If you have been coming to (or living in) Rocky Point during the last 15 years, you probably know him personally, or certainly have heard of him and seen some of his work. He was born in 1966 in Aguascalientes. He started working at age 13, around Mexico City, engraving key chains and printing names on grains of rice, at city and county fairs. Along the way he learned the art of spray painting. When he was 19 years old he traveled to Southern California and worked there for five years. He then went to Santa Fe, New Mexico in 1994/95 and worked with the City Arts Commission, painting twenty murals and training kids to paint. In 1996 he returned to Rocky Point and began a successful business of painting murals in homes, on walls, motor homes and RV’s. He also opened an art gallery in Old Port, which has since been closed.

In 2004, he partnered with Susan and Richard Pillon and purchased 7 1/2 acres about 7 miles north of town on the Highway, where he opened his Artisan Village . The artist community has, I believe, the largest selection of pottery in Rocky Point. In addition, he has over 120 molds of animals, fountains, benches, statuary, flower pots, etc. By now you should have guessed I’m writing about Sr. Victor Aleman. If you don’t see exactly what you want, custom designs are available, either from your picture or a sketch. On the property you will also find a desert plant nursery and a building full of small arts and crafts decorations. Besides Victor, there are five men who work full time making all the products that are for sale. Juan Navarro – tile man, Rodrigo Aleman – mold maker, Pablo Aleman, Pablo Gutierrez, and Saul Angulo are concrete finishers.

There are many unique things about the village, besides the hundreds and hundreds of ítems. There are peacocks running loose, a big ram goat, chickens and an agave plant section. One of the most interesting areas for me is located on the back half of the property and is a project which was started about 1 1/2 years ago. Over coffee one morning Victor, Dr. Jose Gonzales and some friends got into a discussion about fertilizer. It seems that the doctor had some knowledge on that subject and an idea, which turned into a project. They developed a plan and presented it to the Biosphere Ecological Program. They were soon given their first grant to start the project. A 10’x30’x2’ high trough, lined with plastic was built.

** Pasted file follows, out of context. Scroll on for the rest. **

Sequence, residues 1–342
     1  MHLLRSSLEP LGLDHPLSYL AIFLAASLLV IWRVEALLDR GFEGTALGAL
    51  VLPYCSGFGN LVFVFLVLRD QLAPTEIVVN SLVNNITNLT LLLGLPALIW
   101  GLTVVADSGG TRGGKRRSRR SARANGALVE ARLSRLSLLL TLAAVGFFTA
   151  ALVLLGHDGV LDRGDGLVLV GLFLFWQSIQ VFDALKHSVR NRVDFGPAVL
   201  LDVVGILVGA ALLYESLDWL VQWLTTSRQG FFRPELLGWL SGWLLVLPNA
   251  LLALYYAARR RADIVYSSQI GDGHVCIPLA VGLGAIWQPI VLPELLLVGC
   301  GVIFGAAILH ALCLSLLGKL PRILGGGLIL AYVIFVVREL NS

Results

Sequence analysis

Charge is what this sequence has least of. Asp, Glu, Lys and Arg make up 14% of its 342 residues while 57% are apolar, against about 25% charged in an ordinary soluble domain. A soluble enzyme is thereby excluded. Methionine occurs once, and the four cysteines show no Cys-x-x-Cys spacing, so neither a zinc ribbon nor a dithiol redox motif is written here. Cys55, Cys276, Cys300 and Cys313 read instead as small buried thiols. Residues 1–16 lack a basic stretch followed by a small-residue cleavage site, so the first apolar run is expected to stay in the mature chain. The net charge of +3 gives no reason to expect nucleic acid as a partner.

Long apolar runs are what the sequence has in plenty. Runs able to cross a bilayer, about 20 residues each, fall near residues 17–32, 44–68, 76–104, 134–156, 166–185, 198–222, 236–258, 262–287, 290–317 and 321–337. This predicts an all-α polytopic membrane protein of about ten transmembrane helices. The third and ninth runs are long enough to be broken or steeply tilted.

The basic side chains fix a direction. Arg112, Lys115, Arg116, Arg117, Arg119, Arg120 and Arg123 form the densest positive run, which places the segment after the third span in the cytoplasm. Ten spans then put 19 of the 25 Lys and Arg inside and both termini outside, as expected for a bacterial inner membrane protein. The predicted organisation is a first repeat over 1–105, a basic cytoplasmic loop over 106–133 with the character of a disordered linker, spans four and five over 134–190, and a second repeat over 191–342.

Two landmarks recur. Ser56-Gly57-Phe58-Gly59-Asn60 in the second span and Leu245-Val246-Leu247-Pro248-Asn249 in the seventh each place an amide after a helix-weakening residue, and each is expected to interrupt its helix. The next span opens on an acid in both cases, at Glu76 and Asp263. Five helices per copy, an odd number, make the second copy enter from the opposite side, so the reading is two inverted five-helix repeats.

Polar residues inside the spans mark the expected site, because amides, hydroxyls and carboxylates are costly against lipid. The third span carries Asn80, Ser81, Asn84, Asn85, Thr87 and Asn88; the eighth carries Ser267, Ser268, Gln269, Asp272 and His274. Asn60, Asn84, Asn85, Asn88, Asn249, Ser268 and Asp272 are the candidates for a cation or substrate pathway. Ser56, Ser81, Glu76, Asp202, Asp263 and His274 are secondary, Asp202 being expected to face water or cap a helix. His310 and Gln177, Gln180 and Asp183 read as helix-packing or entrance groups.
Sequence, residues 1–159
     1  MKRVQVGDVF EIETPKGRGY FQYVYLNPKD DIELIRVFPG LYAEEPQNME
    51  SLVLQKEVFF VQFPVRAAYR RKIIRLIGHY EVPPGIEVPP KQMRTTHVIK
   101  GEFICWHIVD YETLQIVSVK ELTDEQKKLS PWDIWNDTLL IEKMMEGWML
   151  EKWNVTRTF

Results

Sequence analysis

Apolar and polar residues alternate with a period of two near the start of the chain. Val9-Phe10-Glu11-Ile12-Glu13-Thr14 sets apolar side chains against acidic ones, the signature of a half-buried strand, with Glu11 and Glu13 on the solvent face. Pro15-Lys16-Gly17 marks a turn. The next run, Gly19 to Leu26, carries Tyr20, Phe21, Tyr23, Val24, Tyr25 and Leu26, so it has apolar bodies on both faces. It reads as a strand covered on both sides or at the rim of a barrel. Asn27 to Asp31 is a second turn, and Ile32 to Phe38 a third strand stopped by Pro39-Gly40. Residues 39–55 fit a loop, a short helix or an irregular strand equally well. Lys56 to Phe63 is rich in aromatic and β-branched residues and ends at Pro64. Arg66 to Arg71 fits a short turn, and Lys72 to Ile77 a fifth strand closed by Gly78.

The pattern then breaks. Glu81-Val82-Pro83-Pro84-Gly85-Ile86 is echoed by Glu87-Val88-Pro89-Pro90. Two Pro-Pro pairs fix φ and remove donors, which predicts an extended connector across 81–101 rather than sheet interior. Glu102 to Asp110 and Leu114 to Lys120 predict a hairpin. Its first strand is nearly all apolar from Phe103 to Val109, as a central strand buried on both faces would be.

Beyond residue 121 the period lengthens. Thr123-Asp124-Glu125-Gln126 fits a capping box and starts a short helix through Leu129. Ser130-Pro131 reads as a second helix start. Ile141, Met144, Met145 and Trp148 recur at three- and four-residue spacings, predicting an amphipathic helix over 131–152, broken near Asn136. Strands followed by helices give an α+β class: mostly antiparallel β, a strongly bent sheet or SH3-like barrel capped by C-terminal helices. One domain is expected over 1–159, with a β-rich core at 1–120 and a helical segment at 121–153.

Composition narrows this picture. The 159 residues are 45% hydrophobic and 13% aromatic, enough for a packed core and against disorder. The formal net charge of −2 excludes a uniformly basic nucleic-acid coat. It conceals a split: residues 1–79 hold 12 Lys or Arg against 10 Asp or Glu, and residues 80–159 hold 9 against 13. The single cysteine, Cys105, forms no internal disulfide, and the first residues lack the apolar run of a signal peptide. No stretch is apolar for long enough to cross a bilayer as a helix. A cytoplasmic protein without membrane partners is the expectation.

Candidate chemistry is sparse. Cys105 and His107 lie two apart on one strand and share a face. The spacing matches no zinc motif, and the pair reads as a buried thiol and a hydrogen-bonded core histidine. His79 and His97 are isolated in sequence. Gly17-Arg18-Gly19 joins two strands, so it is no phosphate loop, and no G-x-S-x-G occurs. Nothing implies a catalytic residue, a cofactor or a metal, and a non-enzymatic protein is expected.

It has about a 4” fall from one end to the other. It was then filled with manure, fish scraps and hay, and sprinkled with about 20 kilos of red worms. All totaled about 20 tons of material. The trough as I call it, is watered daily and fermented for seven months. During this time the worms eat and multiply and a liquid concentrate is collected at the lowest end of the trough via gravity. One trough can produce 6.7 tons of fertilizer and 20 kilos of worms, which can be sold to Japan, where they are ground into powder and used as a protein supplement. Victor and Company have overcome many obstacles developing this project, such as proper temperature, sunlight, wind, water and exact mixture. With the aid of a second grant, the goal is to be able to market a superior fertilizer and concentrate by the end of this year.

An aside benefit of this project is that the fishing canneries scraps will be put to use instead of putting them in our landfill. As of this writing a new trough with a concrete base and catch basin is under construction, when finished it will yield more concentrate, worms and fertilizer.

The Aleman Village is open 8am to 5pm, 7 days a week.